Phillies

Phillies

TEMPE, Ariz. — Los Angeles Angels outfielder Josh Hamilton was on the minds of his teammates Thursday, a day after he was in New York to meet with Major League Baseball officials about an unspecified disciplinary issue.

The 33-year-old Hamilton has a history of drug addiction and alcohol abuse, leading to suspensions that cost him more than three years while in the minors. The Angels have confirmed Hamilton's meeting with MLB, but have declined to give any more information.

"I don't know any of the details, so I can't talk about that. But we miss him and we hope everything works out," MVP outfielder Mike Trout said.

"I know that he's going through a lot," Trout said.

Hamilton, the 2010 AL MVP, hasn't reported to spring training in Arizona after undergoing surgery on his right shoulder earlier this month.

"He's not here in camp with us," general manager Jerry Dipoto said. "He is at home rehabbing from the surgery and we're going to leave it at that."

Hamilton already was expected to be out until after the regular season begins because of the surgery.

"We'll wait for Major League Baseball and see what the next step is. I don't think it will serve us any purpose to look too far down the road," manager Mike Scioscia said. (See full story)

Cardinals: Wainwright diagnosed with abdominal strain
JUPITER, Fla. — Adam Wainwright has been diagnosed with an abdominal strain but the St. Louis ace could be available to pitch the Cardinals' opener at Wrigley Field on April 5.

Wainwright strained the muscle on Monday while putting a 45-pound weight back on a rack. General manager John Mozeliak said Thursday the strain is about belt high.

Wainwright said the pain originally felt like a twinge when it first occurred and the injury bothered him when he ran or lunged but did not affect his pitching. He walked off a practice field Tuesday following the team's stretch, returned to St. Louis on Wednesday and was examined by Dr. Michael Brunt on Thursday.

Marlins: Stanton faces live pitching
JUPITER, Fla. — Giancarlo Stanton saw his first live pitches since his beaning back in September. The Marlins will have to wait at least one more day to watch Stanton take his first swing.

While other members of his hitting group swung freely Thursday during the Miami's first live batting practice sessions of the spring, Stanton -- wearing a traditional-style batting helmet -- tracked all 10 pitches he saw, five from Henderson Alvarez and five from Brad Hand, into the catcher's mitt.

The 25-year-old Stanton says he didn't experience any anxiety stepping into the batter's box for the first time since a Mike Fiers fastball broke his orbital bone and damaged five teeth in September.

He says, "It was just like any other spring training."

Yankees: A-Rod participates in full-squad workout
TAMPA, Fla. — Alex Rodriguez walked into the clubhouse at the New York Yankees spring training complex, slipped on his uniform for the first time in more than a year and quietly launched his comeback from a season-long suspension caused by performance-enhancing drugs.

About 500 fans showed up at Steinbrenner Field for the team's first full-squad workout on Thursday, welcoming Rodriguez with cheers and words of encouragement.

The slugger, who hasn't played since September 2013 of the suspension, took ground balls at third base and hit three home runs in 32 swings during batting practice.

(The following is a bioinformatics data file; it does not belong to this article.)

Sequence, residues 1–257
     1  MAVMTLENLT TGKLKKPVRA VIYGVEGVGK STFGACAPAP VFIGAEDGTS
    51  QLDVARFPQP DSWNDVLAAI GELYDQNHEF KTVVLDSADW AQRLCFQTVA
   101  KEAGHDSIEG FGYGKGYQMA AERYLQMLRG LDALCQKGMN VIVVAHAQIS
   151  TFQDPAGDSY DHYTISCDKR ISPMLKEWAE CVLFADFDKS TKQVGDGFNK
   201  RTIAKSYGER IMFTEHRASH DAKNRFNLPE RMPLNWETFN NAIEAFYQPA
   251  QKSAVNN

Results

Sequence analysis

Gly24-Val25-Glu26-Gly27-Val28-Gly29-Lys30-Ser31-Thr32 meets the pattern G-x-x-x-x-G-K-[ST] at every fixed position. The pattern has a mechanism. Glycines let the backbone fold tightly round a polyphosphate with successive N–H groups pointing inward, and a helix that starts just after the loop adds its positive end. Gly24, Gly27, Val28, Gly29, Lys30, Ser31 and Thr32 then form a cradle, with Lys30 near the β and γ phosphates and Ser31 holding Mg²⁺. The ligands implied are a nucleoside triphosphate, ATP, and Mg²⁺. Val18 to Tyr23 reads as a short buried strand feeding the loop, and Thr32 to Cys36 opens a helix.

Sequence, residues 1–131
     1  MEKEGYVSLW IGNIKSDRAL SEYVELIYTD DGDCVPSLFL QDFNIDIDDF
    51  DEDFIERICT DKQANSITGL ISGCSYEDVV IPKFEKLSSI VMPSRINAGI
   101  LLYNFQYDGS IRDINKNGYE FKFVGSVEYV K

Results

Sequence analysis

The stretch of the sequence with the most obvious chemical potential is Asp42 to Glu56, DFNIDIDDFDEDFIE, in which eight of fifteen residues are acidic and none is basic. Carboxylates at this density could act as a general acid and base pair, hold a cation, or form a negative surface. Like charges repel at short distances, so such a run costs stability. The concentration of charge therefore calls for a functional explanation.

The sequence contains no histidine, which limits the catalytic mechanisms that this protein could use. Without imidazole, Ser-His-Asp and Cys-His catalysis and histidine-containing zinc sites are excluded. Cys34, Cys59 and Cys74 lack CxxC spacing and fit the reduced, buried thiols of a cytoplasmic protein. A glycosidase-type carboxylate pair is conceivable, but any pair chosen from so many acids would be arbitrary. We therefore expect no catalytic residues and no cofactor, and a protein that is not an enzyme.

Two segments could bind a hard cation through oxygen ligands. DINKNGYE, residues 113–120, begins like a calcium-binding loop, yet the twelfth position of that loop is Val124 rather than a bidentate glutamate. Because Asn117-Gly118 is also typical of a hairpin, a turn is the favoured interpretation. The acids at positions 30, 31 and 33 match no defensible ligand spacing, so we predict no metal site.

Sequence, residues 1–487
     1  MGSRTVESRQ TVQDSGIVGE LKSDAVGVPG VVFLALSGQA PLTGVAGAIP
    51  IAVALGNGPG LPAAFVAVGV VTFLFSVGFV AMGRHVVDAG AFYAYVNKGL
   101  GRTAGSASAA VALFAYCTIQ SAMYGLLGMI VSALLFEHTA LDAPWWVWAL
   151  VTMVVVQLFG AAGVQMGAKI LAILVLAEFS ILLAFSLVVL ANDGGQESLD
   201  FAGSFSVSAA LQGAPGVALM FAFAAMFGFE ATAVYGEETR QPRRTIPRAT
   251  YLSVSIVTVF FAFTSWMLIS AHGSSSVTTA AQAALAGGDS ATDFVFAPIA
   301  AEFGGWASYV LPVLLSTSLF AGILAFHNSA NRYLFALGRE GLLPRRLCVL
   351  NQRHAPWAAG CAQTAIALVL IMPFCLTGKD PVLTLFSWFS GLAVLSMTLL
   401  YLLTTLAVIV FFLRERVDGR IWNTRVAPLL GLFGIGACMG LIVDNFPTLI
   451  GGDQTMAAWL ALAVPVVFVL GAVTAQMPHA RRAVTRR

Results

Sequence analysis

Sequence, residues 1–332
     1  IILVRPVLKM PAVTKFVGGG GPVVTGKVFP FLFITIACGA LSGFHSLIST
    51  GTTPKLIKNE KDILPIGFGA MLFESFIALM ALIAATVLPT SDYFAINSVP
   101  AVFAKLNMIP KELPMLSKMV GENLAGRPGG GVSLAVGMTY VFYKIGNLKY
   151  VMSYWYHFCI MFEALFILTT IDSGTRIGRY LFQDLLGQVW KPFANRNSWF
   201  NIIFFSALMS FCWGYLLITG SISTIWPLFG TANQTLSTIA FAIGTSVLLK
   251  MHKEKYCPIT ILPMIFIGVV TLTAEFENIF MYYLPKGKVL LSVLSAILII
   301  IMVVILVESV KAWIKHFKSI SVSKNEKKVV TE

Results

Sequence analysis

Rodriguez said he felt like a rookie again.

Nationals: Werth still rehabbing from shoulder surgery
VIERA, Fla. — The Washington Nationals' Jayson Werth is back on the field, just not 100 percent yet.

Werth participated in outfield drills Thursday during the Nationals' first full-squad workout Thursday. But the left fielder was generally limited as he recovers from offseason shoulder surgery.

Werth had arthroscopic surgery on Jan. 9 to repair the AC joint in his right shoulder and was expected to miss 2-3 months. Earlier this spring, general manager Mike Rizzo expressed optimism Werth would be ready by opening day and on Thursday, Werth sounded cautiously optimistic, saying, "That's kind of my goal."

At the same time, Werth doesn't want to rush back before he's ready.

"We've really got to get to that eight week point before you can really ramp up anything, and then again, it's 8-12 weeks before you can really get back to normal activity," Werth said.

"We're getting there. We're progressing. It's getting better. But (we've) still got a ways to go."

Blue Jays: Saunders injures knee, out until July
DUNEDIN, Fla. — Toronto Blue Jays left fielder Michael Saunders could be sidelined until around the All-Star break after stepping on a sprinkler while shagging fly balls and tearing cartilage in his left knee.

General manager Alex Anthopoulos said Thursday the injury occurred a day earlier and is expected to require surgery. Saunders will seek a second opinion before making a decision.

Saunders, acquired from Seattle in a December trade and projected as a starter, said he felt a pop after stepping awkwardly on the sprinkler head while going after a ball at the team's training facility.

"I just tried to walk off the field and not draw any attention to myself. Then, when I got into the training room, my knee felt like it was getting tight on the inside," said Saunders, who was on crutches. "I've never had any issues with my knees, so that's when I knew that something was wrong."

Anthopoulos said the team will look internally for a replacement but is open to a trade or free-agent signing.

"I actually started making some calls last night with respect to seeing who else could be out there," he said. "There are some teams out there with some outfield depth. If we do something, it will be toward the end of spring."

Anthopoulos said Saunders could return before the break in mid-July if there are no complications.